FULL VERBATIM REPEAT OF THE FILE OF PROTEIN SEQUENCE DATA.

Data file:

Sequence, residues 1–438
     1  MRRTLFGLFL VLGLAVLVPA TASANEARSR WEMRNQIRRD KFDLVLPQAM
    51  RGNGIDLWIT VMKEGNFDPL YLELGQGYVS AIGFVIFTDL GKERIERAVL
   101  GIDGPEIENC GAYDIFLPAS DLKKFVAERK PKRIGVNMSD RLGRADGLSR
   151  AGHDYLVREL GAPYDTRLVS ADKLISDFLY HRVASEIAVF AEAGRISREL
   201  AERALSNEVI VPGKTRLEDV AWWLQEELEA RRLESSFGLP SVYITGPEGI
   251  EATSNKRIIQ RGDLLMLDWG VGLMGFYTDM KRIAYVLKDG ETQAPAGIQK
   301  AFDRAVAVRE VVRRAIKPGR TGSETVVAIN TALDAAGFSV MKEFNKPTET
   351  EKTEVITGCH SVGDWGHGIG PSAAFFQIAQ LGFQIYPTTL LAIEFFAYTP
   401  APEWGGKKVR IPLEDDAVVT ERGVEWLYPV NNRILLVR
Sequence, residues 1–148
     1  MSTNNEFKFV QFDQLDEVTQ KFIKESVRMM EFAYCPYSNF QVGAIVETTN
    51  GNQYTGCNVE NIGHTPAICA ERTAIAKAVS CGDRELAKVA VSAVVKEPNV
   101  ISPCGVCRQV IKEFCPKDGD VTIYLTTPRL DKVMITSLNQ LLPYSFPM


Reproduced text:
Sequence, residues 1–438
     1  MRRTLFGLFL VLGLAVLVPA TASANEARSR WEMRNQIRRD KFDLVLPQAM
    51  RGNGIDLWIT VMKEGNFDPL YLELGQGYVS AIGFVIFTDL GKERIERAVL
   101  GIDGPEIENC GAYDIFLPAS DLKKFVAERK PKRIGVNMSD RLGRADGLSR
   151  AGHDYLVREL GAPYDTRLVS ADKLISDFLY HRVASEIAVF AEAGRISREL
   201  AERALSNEVI VPGKTRLEDV AWWLQEELEA RRLESSFGLP SVYITGPEGI
   251  EATSNKRIIQ RGDLLMLDWG VGLMGFYTDM KRIAYVLKDG ETQAPAGIQK
   301  AFDRAVAVRE VVRRAIKPGR TGSETVVAIN TALDAAGFSV MKEFNKPTET
   351  EKTEVITGCH SVGDWGHGIG PSAAFFQIAQ LGFQIYPTTL LAIEFFAYTP
   401  APEWGGKKVR IPLEDDAVVT ERGVEWLYPV NNRILLVR
Sequence, residues 1–148
     1  MSTNNEFKFV QFDQLDEVTQ KFIKESVRMM EFAYCPYSNF QVGAIVETTN
    51  GNQYTGCNVE NIGHTPAICA ERTAIAKAVS CGDRELAKVA VSAVVKEPNV
   101  ISPCGVCRQV IKEFCPKDGD VTIYLTTPRL DKVMITSLNQ LLPYSFPM